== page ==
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Mark J. Valencia:
By Mark J. Valencia - 08 Jun 2017
Defense ministers, officials and analysts flocked to the Shangri-La Dialogue in Singapore to hear the US and its allies bash China, who wisely sent a relatively low-level delegation. Lost in the bluster and bravado were fundamental questions regarding the strategic future of Asia.
By Mark J. Valencia - 01 Jun 2017
By Mark J. Valencia - 19 May 2017
US President Donald Trump’s flip-flopping policy regarding China’s claims and actions in the South China Sea have fundamental implications for the security paradigm in the region and perhaps beyond.
An article by James Holmes of the US Naval War College in The National Interest made several false allegations regarding China’s actions and ascribed nefarious motives to its declaration of an Air Defense Identification Zone in the East China Sea.
The US flies hundreds of ISR missions every year to collect communications between the target country’s command-and-control centers and radar and weapons systems. The initial deployment of the Carl Vinson strike force was to the South China Sea. Are these probes and the deployment a violation of the UN Charter?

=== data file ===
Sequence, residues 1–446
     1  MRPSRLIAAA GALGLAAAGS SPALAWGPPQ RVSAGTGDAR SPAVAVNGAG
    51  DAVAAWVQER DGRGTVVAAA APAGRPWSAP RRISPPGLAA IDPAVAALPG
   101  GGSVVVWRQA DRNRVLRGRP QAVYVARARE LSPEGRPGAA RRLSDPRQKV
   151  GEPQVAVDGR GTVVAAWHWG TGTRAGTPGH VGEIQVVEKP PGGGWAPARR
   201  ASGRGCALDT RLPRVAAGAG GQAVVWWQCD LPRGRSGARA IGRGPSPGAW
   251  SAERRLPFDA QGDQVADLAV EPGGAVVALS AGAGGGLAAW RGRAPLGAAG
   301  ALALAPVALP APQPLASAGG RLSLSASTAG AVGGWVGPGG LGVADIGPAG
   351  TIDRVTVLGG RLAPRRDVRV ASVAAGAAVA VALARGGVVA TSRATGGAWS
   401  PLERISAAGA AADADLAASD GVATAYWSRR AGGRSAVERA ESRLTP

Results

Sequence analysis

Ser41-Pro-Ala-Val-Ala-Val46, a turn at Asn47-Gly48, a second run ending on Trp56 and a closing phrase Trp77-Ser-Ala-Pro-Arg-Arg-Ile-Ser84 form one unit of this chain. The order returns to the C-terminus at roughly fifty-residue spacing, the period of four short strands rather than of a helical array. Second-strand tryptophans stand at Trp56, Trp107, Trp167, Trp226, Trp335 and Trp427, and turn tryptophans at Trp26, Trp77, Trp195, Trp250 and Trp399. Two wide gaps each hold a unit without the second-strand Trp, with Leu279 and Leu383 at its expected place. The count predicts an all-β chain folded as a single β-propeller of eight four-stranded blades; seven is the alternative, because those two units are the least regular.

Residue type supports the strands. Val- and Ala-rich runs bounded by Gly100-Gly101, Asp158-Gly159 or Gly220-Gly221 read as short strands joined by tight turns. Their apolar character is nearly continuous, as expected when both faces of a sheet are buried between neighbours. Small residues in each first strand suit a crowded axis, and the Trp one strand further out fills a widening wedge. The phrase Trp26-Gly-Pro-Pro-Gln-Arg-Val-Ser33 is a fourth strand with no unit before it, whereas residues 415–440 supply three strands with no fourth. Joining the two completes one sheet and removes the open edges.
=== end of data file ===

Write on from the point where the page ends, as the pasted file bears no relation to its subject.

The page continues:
Some US and foreign media have used the information to convince the Trump administration that China presents an imminent threat to US interests in the South China Sea. But the burgeoning drumbeat for the US to confront China should be considered with a healthy dose of skepticism.
If negotiations resulted in a “freeze” in North Korea’s nuclear weapons program and a lowering of the risk of war, South Korea and Japan would probably be better off than living under constant threat. To obtain this concession from North Korea, the US would have to make genuine compromises.
Analysts trying to parse US policy in the Trump era regarding the South China Sea must be prepared for stark contradictions and intellectual whiplash. It is too early to draw conclusions regarding US-China relations in the South China Sea or in general.
In the run-up to Donald Trump’s inauguration as President of the United States, advocates of a more aggressive US foreign policy towards China unleashed a barrage of hawkish commentaries and proposals. Most comments focused on China’s behavior in the South China Sea.